may not be cited except as provided by
Minn. Stat. § 480A.08, subd. 3 (1998).
STATE OF MINNESOTA
IN COURT OF APPEALS
James N. Saydee,
Commissioner of Economic Security,
Filed May 4, 1999
Department of Economic Security
File No. 2014 UC 98
Tecnifoam, Inc., 7145 Boone Avenue North, Minneapolis, MN 55428 (pro se respondent)
Kent E. Todd, 390 North Robert Street, St. Paul, MN 55101 (for respondent Commissioner)
Considered and decided by Davies, Presiding Judge, Peterson, Judge, and Foley, Judge.
Relator seeks review of respondent commissioner's representative's conclusion that he was ineligible for reemployment insurance benefits due to his status as a full-time student. Because relator is ineligible to receive reemployment insurance benefits under Minn. Stat. § 268.08, subd. 2, we affirm.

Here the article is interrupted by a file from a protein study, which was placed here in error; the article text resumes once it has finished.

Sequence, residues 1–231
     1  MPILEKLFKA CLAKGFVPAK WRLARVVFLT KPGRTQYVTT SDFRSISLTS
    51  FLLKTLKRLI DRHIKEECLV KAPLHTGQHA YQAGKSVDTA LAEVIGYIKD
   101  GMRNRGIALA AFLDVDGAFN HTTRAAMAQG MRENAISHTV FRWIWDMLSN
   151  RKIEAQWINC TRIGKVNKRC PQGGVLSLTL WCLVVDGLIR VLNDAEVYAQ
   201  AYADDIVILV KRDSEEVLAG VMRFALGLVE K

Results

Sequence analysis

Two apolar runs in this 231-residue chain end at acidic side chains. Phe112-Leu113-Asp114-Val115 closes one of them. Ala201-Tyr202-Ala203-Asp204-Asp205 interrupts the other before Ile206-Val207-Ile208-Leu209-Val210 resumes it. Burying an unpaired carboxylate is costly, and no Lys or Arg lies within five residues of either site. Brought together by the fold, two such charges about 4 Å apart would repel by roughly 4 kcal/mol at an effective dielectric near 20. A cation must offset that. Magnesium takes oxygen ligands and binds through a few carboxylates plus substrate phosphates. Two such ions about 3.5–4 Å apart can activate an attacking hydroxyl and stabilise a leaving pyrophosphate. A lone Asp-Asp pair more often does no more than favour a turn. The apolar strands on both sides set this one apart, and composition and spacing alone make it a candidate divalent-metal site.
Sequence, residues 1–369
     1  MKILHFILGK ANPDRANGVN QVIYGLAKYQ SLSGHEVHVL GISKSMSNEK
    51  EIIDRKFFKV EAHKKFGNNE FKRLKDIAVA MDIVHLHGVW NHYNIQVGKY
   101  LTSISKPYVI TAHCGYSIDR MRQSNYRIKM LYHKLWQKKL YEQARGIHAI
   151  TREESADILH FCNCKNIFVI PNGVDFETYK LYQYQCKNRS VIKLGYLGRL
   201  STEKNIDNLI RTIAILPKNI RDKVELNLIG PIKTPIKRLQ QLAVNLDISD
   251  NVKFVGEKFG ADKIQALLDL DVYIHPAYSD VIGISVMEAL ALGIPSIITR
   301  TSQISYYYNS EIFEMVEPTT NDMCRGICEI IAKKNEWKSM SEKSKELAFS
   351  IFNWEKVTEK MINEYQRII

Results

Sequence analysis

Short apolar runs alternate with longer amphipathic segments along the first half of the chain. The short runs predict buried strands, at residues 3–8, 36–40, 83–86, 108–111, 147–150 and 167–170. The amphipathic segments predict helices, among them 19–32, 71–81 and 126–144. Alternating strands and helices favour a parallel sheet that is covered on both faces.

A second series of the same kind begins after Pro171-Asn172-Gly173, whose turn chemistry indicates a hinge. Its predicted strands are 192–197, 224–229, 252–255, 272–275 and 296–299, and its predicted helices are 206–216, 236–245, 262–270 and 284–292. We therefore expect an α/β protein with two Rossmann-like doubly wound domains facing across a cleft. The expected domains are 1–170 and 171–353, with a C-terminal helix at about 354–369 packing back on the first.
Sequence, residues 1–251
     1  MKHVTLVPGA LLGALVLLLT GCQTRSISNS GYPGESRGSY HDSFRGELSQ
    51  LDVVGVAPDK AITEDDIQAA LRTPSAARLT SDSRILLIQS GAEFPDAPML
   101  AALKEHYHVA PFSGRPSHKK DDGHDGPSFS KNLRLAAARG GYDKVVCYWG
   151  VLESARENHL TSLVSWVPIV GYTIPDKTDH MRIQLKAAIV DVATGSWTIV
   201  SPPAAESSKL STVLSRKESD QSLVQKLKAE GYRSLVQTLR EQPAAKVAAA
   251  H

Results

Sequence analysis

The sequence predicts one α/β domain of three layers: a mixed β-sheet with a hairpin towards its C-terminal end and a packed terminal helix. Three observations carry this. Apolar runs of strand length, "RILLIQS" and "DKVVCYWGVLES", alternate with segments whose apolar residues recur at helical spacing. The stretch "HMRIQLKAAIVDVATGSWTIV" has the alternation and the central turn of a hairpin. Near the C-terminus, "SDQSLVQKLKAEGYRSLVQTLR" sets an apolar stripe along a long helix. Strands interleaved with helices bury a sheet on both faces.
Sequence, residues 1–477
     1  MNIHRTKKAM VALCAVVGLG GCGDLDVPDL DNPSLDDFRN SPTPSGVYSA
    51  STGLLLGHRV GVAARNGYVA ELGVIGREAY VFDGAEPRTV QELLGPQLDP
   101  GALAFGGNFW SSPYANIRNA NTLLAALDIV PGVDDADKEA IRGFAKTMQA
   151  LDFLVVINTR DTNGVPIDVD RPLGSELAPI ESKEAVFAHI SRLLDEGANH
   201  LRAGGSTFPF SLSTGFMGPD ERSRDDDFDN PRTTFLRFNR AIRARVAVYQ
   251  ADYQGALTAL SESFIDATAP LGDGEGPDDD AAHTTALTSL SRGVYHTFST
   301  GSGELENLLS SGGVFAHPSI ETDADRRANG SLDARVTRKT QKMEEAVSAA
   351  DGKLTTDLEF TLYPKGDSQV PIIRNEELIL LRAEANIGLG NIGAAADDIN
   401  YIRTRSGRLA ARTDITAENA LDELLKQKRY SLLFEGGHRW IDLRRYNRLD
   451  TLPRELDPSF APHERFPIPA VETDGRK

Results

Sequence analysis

Relator James Saydee worked as a machine operator and assembler for respondent employer Tecnifoam from March 1993 through October 18, 1997, when he was discharged. He applied for reemployment insurance benefits following his discharge.
Relator began a full-time course of study in sociology at North Hennepin Community College on January 5, 1998. Relator possessed a master's degree in Christian education, and he thought taking sociology courses would balance his career.
A reemployment insurance adjudicator determined relator was not eligible for benefits because he was a full-time student, he had not been in school during the preceding year, and was not in a commission-approved training program. A reemployment insurance judge affirmed the adjudicator's decision. Relator appealed the decision, claiming he was actively seeking work while enrolled as a full-time student. A commissioner's representative affirmed the reemployment judge's decision. Relator challenges the commissioner's representative's decision, arguing that he was available for employment during the time he was attending school full time and, therefore, he should not have been found ineligible to receive benefits.